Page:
In Australia there was an absence of top tier economic data last week. Of central focus was the Reserve Bank of Australia (RBA) Monetary Policy meeting minutes. These were not as positive as the market had anticipated and saw the AUD under some pressure immediately after the release. Australian economic data has been soft of late, and given the global outlook and uncertainty, the position of the RBA looks to be logical. Of primary focus in the coming week will be inflation numbers due for release on Wednesday.
In Europe the positive resolution of a plan for Greece was well accepted by the markets. The difference in funding costs between peripheral member states and those of pillars Germany and France, have contracted significantly. The EURO has stablised as a result, although it saw good gains against the US dollar. This coming week, more detail will be revealed on the plan and this will mean the volatility should continue. From here the focus will move towards the execution of these plans, and the painful emergence back towards balanced books, that this entails.
In the US the focus obviously remains squarely on the resolution of the debt ceiling issue. The August 2nd cut off for a deal may actually be extended, as reported tax takes have been better than expected, so another week’s grace may play out. In the background of this the economic data remains patchy. Some housing numbers are showing strength. There have also been a number of positive corporate earnings results that show there are positive signs in the market. Employment growth remains the primary lagging factor in any significant US economic recovery, and until we start to positive signs on that front, expect no movement from the Federal Reserve in terms of the cash rate. We should see some kind of bounce in the US dollar when a debt agreement is found, but until that time, the USD will remain under pressure.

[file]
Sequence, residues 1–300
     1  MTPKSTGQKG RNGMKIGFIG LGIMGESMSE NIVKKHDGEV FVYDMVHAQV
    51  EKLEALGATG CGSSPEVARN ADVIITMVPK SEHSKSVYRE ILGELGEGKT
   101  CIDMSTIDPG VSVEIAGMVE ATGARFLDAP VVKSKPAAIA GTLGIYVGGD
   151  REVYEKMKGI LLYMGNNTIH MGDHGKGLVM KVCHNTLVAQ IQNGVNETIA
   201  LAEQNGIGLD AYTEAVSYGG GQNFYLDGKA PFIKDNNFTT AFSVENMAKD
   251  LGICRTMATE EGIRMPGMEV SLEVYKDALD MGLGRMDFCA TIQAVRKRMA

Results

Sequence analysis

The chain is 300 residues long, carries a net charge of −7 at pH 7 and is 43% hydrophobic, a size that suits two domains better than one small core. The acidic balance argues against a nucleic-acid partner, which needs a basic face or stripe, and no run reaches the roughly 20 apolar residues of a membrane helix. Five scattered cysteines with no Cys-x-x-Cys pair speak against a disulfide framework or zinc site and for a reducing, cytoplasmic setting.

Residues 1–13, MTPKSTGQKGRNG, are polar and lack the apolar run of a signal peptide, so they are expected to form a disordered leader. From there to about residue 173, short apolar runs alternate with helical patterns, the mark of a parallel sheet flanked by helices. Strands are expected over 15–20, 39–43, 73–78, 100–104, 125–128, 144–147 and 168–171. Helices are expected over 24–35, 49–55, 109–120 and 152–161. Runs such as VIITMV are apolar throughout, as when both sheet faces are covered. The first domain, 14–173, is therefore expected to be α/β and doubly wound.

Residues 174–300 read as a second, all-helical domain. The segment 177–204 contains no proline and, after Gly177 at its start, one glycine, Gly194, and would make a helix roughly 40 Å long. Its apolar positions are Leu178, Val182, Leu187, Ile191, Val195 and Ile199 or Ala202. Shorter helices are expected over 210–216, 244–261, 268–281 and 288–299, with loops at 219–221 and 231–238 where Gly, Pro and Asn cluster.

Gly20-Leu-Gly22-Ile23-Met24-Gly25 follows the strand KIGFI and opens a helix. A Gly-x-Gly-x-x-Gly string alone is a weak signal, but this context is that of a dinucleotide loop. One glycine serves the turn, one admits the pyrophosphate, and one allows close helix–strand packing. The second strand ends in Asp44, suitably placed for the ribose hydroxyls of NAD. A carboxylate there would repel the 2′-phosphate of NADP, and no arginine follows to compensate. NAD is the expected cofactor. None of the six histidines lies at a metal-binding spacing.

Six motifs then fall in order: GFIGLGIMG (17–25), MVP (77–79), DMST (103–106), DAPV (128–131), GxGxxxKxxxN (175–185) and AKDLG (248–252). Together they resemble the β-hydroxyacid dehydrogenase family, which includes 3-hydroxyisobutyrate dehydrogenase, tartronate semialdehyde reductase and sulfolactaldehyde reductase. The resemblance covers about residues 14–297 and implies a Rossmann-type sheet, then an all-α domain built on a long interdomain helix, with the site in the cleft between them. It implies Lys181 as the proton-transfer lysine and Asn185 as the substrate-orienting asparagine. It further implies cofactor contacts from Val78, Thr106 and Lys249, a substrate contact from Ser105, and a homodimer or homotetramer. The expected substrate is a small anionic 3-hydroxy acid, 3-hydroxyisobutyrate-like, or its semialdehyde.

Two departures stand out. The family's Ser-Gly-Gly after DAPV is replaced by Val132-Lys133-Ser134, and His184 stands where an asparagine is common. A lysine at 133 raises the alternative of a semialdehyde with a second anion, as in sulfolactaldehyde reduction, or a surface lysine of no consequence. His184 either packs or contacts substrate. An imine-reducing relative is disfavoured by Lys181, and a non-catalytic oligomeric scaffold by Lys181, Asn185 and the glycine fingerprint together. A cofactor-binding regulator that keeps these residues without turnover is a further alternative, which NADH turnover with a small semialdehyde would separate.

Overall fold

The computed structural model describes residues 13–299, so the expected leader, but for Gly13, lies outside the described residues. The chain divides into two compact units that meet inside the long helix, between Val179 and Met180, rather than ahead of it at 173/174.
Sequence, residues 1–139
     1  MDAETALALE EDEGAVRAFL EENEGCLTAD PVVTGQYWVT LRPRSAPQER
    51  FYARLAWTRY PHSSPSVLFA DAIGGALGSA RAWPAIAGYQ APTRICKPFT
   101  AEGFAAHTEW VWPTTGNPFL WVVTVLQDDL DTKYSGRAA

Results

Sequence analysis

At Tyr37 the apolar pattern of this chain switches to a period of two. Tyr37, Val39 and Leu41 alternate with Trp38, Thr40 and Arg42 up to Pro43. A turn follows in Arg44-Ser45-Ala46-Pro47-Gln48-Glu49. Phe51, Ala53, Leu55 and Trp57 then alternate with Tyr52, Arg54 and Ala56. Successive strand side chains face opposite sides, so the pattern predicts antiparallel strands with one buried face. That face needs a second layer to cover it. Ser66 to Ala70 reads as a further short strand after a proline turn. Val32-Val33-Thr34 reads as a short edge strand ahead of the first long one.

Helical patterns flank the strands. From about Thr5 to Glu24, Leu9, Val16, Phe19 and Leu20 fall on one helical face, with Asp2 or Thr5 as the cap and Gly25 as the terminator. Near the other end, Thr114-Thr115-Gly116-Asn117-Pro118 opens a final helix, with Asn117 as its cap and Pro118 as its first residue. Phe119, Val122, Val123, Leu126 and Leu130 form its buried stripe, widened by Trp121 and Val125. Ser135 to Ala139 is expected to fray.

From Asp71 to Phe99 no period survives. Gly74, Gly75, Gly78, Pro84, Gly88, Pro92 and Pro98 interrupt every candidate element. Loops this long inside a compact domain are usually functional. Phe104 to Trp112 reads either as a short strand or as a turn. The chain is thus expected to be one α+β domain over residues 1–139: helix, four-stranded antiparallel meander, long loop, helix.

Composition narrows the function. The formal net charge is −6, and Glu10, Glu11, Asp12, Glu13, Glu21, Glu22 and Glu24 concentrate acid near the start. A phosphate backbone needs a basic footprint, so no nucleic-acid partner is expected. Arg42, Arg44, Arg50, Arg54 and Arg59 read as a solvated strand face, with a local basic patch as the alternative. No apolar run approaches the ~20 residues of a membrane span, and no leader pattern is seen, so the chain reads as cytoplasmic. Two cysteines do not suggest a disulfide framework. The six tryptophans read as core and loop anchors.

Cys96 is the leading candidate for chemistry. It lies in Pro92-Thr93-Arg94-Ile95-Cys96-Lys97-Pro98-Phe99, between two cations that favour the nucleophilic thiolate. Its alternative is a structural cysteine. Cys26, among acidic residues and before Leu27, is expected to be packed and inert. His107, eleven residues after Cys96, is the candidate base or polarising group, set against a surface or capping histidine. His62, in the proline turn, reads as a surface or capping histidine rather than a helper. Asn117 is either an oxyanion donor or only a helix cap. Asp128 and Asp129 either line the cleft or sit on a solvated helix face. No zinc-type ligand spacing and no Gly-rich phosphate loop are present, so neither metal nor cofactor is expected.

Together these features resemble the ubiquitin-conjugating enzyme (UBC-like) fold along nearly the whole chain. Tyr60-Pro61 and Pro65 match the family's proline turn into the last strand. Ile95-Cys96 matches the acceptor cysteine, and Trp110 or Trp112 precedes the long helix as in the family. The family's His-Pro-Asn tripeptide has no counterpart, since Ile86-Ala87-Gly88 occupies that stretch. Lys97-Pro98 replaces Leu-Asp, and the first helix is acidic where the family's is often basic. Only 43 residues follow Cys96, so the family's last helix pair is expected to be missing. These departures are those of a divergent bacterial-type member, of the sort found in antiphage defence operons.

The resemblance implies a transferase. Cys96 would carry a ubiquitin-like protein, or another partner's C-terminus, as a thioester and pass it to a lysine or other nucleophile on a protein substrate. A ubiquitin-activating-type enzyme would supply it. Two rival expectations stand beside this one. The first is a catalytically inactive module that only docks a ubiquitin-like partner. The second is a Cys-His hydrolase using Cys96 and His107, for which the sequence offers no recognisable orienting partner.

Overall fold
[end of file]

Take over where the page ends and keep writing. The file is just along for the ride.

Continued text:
In the UK last week the less ”dovish” BOE minutes gave the GBP some much needed support. Adding to this support was the retail sales number, giving sign that the British consumer maybe starting to feel a little more upbeat at last. This saw the GBP make ground up against both the EUR and US dollar. This week sees the preliminary GDP number due for release on Tuesday and monthly housing numbers on Friday.
In Canada the outlook remains mixed. The Bank of Canada left the cash rate unchanged at 1% and stated that rate hikes would have to be carefully considered taking into account the soft nature of the economy of its neighbor the US, and the debt situation in Europe. Then came the monthly inflation number which showed a large drop. This saw the CAD under pressure and not even a good retail sales number could provide much of a recovery. This week is light on focus, ahead of the monthly GDP number on Friday.
In Japan the YEN has remained in demand as the uncertainty surrounding the EURO and US debt situations plays out. With little on the economic data to focus on, developments in the US will be the likely driver of price action. Speculation remains around the Bank of Japan and the prospect of intervention, should the YEN continue to strengthen. However given the current level of global uncertainty, intervention looks unlikely in the short term, as a coordinated approach would be necessary in order to be effective.
In South Africa the economic recovery remains patchy. Yearly inflation is at 5% ,but is mainly being driven by food and energy components, and the South African Reserve Bank left the cash rate unchanged last week. The consumer remains under pressure with retail sales numbers showing flat growth on the month. Thursday’s release of public sector capital expenditure and producer price numbers will be the focus for the RAND, and outside this, it should maintain its strong correlation with the EURO.